City Hall lockdown

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Speeders who zoom around Bells Corners risk heavy fines but few get caught.
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Photo radar: cash grab or safer streets? City politicians postponed the vote but the mayor’s position is clear. Here’s what some local residents think.
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The council meeting went into lockdown when the anti-police demonstration disrupted the meeting – a Citizen journalist sounded the alarm.
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Most of the journalists rushed out to investigate, but a few media people stayed behind for a photo radar scrum with the mayor.
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The protest was rude but effective – a lot of media attention but no arrests or damage.
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This guard stopped the protesters from moving towards the locked-down council meeting.
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The police told them that protests weren’t allowed at City Hall so they’d be arrested if they didn’t leave.
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Standoff.
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Three councillors hang around while police reinforcements are brought in.
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Another councillor discussed things with the angry protesters.
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The leader spotted Reevely filming on the balcony and demanded that he throw down some money for the privilege.
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“You with the coral phone, give us some money or get lost!”
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One protester gave the guard a hard time: “As a black man you shouldn’t be working for the police.” As a young man the guard had marched on Washington in 1968 to hear Martin Luther King Jr. and protest, so he didn’t appreciated being lectured by the young student.
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The head of the guns and gangs unit was on the scene, but the protesters marched off chanting and the police stood down.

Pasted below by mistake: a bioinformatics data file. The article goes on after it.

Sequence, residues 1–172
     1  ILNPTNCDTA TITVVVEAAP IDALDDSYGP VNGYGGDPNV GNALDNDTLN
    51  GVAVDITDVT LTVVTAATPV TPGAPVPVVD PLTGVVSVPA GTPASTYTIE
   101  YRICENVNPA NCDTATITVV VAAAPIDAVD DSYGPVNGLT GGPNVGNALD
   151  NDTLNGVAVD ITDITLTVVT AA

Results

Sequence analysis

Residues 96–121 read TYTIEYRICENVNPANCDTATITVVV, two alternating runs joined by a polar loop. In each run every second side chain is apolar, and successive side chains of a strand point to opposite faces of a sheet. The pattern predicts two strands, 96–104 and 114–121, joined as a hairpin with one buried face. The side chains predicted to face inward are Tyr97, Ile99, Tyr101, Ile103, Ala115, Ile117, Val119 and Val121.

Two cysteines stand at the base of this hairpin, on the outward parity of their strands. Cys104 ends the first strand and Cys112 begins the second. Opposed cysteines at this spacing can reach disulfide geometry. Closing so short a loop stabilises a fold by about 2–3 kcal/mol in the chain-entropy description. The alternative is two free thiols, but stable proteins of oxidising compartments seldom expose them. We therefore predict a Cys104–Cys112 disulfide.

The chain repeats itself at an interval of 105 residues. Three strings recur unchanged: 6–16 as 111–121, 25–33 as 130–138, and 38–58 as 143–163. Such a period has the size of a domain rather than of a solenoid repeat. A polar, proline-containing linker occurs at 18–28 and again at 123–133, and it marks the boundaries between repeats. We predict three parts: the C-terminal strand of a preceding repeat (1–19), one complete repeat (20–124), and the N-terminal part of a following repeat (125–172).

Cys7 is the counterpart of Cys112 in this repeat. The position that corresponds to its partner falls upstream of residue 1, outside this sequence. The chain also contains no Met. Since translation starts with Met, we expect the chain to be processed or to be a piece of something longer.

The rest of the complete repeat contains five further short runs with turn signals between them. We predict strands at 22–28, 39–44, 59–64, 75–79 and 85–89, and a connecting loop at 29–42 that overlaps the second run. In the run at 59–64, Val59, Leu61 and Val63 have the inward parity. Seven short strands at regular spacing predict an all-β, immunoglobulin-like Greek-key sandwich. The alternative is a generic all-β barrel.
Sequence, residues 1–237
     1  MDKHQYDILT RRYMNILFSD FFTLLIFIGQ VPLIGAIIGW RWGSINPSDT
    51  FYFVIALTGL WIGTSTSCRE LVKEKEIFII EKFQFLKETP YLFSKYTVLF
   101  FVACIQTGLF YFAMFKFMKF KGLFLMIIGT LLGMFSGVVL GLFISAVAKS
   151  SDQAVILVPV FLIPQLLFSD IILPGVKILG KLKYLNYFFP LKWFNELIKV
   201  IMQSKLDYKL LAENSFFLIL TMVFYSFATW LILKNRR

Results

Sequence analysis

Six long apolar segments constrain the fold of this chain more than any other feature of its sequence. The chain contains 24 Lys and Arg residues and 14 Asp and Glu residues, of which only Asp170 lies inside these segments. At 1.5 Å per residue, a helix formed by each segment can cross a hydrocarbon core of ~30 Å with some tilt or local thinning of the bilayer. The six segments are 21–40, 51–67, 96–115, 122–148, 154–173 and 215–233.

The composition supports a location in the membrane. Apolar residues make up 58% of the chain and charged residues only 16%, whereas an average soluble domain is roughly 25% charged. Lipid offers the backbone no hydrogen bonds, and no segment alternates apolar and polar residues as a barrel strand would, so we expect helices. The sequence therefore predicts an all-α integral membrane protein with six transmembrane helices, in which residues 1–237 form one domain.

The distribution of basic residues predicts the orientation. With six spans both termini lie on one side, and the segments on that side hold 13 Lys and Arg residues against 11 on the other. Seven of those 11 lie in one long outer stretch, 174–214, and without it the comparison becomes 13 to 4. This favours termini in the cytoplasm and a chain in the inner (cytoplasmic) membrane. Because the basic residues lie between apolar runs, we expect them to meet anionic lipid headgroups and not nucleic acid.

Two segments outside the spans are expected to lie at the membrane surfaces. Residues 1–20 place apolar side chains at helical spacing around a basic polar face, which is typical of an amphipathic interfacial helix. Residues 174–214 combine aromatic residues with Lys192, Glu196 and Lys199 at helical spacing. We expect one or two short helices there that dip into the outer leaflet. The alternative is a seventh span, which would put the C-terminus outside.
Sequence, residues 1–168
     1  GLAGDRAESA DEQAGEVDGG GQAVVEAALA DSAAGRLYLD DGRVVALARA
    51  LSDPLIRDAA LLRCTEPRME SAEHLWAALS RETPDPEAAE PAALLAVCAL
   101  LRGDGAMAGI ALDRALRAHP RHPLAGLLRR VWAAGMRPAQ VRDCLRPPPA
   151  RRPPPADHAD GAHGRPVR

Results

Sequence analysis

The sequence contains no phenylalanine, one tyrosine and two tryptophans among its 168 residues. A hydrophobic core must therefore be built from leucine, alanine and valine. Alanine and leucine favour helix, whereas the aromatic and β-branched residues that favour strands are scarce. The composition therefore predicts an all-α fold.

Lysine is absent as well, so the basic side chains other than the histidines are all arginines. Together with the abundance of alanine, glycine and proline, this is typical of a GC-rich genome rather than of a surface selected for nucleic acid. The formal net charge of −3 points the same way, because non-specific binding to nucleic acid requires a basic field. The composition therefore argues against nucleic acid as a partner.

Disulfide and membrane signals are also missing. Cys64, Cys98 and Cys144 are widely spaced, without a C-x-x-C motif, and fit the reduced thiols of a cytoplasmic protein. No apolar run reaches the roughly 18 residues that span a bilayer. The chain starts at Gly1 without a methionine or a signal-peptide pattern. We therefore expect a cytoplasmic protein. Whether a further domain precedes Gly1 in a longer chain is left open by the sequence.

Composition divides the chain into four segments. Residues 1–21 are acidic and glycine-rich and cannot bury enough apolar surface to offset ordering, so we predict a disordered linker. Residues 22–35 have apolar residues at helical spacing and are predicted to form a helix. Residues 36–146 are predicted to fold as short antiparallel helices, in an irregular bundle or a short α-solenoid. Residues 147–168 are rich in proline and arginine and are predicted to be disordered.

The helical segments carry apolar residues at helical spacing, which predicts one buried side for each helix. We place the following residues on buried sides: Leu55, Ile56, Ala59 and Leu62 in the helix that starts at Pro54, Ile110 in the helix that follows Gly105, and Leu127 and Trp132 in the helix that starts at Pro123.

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The journalists went back to talking to politicians about photo radar.

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2 Responses to City Hall lockdown

  1. Sue Sharing says:


    So it turns out if you have a beef about the city, you shouldn’t try to bring it to City Hall in the form of a demonstration — at least not inside its many walls.

    That’s what a group of about 20 university students were told when they marched into 111 Lisgar St. Wednesday, waving their placards and using a megaphone to get their message across.

    “Black lives matter, stop killing my brother, stop killing my sister,” the chant went on in the hallways at city hall.

    The boisterous noise was so loud, it broke the political drone inside the chamber of Andrew Haydon Hall, where councillors were meeting for their twice-monthly council session

    City hall security went into full alert, and as reporters rushed out to find some actual news, the doors into council were locked.

    (It remains unclear whether that was to keep reporters from going back in or to keep the protesters out!)

    As an aside, it would appear the protesters were a bit new at the game.
    continue reading

  2. ottawaowl says:


    Journalists are my heroes so it was great to meet Sarah Brown and Rémi Thériault. Sarah’s long career in journalism included a three-year stint at the Bangkok Post and jobs at the London Free Press, Ottawa magazine, etc.

    Sarah is doing the words and Rémi the images for a Carleton University story on the 100in1Day Ottawa event in Britannia Park. A sample of his amazing photos.

    Most fun I’ve had since the Great City Hall Lockdown.

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